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1690 HOUSE

House redevelopment

Margate, 2015

This house at 7 Lombard Street, Margate is a small Grade II Listed Cottage in the centre of the Old Town. Over the past year it has been delicately altered and repaired for the next century of use, initially as a holiday home.

The process of restoration slowly revealed its historical layers and stages of development, the first of which appears to be as a walled garden for a handsome late Seventeenth Century Dutch-style gabled house next door at no. 8 Lombard Street.  This chalk block and clay brick wall still forms part of the ground floor structure of No. 7, over which appears to have been built a humble two–storey timber framed house. This was later enhanced with a brick gable wall, itself built on to form No. 6 Lombard St, and later still - around the late C19th - significantly rebuilt internally, slightly taller to form a habitable attic.

Over the last hundred years the house suffered from some inappropriate changes, including quite damaging waterproofing to the ground floor, perhaps installed after the great Margate flood in the 1953. Instead of protecting the house from water ingress, it has rotted much of the timber structure on the outside of the waterproofing layer as it wasn't able to 'breathe' naturally.  In the 1970s the house underwent a ‘Tudorisation’ whereby a layer of historical make-believe was laid over the house, with black-and-white false fretwork glued to modern plasterboard dry-lining, Lath and plaster ceilings removed, exposed C19th beams chamfered to appear older, and fake bulls-eye glass installed in the front windows.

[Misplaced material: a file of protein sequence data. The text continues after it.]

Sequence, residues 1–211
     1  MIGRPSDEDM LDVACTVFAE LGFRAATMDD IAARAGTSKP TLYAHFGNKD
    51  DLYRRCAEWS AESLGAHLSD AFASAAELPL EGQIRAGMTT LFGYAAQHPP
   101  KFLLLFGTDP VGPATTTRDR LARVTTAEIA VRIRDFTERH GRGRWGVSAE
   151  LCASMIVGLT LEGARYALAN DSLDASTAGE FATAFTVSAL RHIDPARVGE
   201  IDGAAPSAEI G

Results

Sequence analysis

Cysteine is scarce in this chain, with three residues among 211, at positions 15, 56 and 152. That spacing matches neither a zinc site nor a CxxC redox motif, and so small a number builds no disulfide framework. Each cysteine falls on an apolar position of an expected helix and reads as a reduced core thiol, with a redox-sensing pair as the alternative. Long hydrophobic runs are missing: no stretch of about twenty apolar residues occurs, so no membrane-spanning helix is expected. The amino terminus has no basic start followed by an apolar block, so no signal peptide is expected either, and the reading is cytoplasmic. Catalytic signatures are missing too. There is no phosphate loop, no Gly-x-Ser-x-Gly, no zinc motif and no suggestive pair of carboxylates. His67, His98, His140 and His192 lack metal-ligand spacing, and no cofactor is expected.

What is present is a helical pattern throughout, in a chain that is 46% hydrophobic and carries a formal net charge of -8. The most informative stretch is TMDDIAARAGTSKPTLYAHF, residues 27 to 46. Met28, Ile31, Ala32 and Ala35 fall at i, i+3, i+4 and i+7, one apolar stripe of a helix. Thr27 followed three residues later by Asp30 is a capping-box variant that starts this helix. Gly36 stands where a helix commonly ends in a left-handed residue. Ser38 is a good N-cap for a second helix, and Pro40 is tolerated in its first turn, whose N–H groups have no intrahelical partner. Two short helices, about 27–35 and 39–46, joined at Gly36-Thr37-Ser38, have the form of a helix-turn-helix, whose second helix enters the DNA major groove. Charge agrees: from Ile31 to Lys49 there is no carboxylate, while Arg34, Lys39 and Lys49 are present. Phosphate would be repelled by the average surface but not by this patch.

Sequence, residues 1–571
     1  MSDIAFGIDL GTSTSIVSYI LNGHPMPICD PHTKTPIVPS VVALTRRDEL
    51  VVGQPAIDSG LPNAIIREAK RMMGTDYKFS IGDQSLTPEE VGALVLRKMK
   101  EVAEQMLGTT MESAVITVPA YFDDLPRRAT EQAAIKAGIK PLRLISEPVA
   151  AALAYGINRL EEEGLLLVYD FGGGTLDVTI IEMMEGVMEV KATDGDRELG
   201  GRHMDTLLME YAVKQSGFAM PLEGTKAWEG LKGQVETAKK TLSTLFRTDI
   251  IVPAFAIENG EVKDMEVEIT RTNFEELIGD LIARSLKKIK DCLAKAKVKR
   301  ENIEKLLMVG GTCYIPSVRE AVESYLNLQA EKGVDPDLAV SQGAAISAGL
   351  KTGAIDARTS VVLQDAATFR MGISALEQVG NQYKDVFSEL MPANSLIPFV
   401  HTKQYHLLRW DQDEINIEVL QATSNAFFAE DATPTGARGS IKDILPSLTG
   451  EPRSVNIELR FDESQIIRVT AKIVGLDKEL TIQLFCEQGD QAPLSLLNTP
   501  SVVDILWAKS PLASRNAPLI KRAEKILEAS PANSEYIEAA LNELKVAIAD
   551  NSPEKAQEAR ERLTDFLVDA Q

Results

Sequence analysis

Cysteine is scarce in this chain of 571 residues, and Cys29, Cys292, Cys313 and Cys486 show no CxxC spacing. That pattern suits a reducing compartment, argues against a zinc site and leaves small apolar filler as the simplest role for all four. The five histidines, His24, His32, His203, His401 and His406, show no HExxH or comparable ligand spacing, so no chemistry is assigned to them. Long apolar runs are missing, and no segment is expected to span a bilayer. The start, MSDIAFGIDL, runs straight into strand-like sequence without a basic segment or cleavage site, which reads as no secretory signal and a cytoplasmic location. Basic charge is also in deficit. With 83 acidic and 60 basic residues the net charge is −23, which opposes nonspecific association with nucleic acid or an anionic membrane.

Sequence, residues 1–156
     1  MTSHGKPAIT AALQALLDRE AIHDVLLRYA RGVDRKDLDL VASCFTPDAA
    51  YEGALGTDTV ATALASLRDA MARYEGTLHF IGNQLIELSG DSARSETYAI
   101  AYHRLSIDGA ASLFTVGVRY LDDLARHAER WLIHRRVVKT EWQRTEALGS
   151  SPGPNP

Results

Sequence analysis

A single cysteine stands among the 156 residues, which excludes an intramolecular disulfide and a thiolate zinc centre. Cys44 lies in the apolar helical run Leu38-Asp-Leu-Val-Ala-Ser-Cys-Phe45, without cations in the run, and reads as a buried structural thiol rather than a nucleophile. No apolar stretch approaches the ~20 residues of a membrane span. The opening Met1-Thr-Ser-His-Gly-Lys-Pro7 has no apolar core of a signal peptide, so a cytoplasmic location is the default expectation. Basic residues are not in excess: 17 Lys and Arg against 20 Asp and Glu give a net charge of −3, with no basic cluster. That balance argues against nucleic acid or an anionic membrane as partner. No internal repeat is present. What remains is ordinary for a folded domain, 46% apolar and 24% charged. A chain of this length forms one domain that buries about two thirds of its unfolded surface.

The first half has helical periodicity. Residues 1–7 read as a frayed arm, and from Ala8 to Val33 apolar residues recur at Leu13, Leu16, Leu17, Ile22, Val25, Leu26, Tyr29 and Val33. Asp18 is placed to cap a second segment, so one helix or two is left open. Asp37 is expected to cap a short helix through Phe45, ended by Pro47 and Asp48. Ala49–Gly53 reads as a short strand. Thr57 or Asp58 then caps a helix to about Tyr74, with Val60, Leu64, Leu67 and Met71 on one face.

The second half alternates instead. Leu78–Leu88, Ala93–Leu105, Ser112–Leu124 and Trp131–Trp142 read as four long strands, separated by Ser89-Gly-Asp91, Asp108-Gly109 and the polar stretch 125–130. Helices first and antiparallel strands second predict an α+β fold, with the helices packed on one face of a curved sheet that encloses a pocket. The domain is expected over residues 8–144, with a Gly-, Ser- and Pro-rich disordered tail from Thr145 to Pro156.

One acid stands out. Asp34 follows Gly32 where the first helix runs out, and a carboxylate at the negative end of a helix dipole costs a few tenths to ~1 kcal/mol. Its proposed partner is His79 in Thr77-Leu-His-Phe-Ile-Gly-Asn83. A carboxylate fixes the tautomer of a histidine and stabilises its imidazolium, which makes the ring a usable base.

We have fully restored the house in line with SPAB (Society for the Protection of Ancient Buildings) Conservation Guidelines protecting and repairing all layers of history where possible, and adding new layers where necessary.


Learning to deal appropriately with the building’s complex history and crumbling fabric has been an integrated community effort, including from local contractor G&W Gardner, architect Studio Sam Causer, Structural Engineer Tim Baker and the London-based employer Gary and Margit Pond.  Also supportive in the building’s significant transformation was Thanet District Council’s Heritage Advisor Nick Dermott and Building Control Officer Martin Parnell. The core team’s efforts were supplemented with a great deal of community interest, with neighbours, volunteers at the Margate Museum and locals all offering their knowledge on the building’s past, sharing what it has meant to them.